ORLANDO, Fla., Aug. 1, 2013 (GLOBE NEWSWIRE) -- Many Family Law Reform members from all over Florida and the sponsors of the Florida alimony reform bill will rally at a Summit at the Shingle Creek Hotel and Conference Center in Orlando to support efforts to do away with Florida's antiquated alimony laws. The goal of the August 17th Summit is to gear up for the 2014 legislative session and grab the attention of Florida's politicians to present a bill that will pass in both houses and receive Gov. Scott's seal of approval.
In 2013, the alimony reform bill passed in both the House and the Senate, but when it landed on Gov. Scott's desk, he vetoed it saying that the retroactivity portion was unfair.
"Our goal is to help, not only those spouses who divorce in the future, but also those individuals who currently pay abusive alimony orders and can't afford to do so," said Family Law Reform President Alan Frisher. "Current alimony law in Florida causes immense hardship for those who must support an ex-spouse until death, regardless of circumstance and too many alimony payers are forced into bankruptcy and insolvency. But when life changes and they need to modify payments, the courts won't allow for it."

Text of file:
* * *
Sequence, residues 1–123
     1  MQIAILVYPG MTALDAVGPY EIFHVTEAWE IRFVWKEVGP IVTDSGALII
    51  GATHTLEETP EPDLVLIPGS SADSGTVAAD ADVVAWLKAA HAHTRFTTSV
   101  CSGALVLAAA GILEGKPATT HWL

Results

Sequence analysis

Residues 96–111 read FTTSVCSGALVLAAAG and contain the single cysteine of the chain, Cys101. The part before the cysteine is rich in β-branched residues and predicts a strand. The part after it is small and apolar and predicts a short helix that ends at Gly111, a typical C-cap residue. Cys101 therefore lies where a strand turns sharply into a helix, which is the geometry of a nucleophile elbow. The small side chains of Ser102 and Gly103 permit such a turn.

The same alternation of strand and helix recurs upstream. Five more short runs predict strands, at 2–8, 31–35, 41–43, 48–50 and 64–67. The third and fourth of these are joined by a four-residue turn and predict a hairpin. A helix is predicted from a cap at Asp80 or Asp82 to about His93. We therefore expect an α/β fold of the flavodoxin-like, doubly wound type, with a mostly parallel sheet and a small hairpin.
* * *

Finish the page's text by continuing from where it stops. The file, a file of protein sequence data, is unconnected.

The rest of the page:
As this bill is re-drafted for the 2014 legislative session, Family Law Reform will work to include these key elements:
- Removal of permanent alimony from present statutes
- The need for the alimony payer to have the right to retire at Federal Retirement age or standard retirement age for 'high risk' professions
- A defined amount based on a percentage that is fair, and averages incomes for both spouses
- Second spouses' income shall not be used to calculate an upward modification of alimony
- A definition for what constitutes 'A Substantial Change of Circumstance."
"I sponsored this alimony reform legislation, because I believe we need a fair way to deal with this very emotional issue," said Sen. Kelli Stargel (R-Lakeland). "As we have gone through this process we have strived to create a bill that addresses the concerns of many people. Many agree that the current system is broken and bad for families, especially those with children. This bill creates guidelines for our judges to follow, but maintains judicial discretion."
"This is not an anti-alimony, anti-spouse or anti-woman bill. This is a bill that simply clarifies and codifies the law to make sure alimony is fair to all involved," said Rep. Ritch Workman (R-Melbourne). "I don't hate alimony. I hate the abuse of it and this bill prohibits the abuse of it."
Founded in 2010, Family Law Reform is a not for profit corporation created to change the state's antiquated alimony laws. Based in Tavares, Florida, FLR represents more than 5,000 families across Florida.
Source: Florida Alimony Reform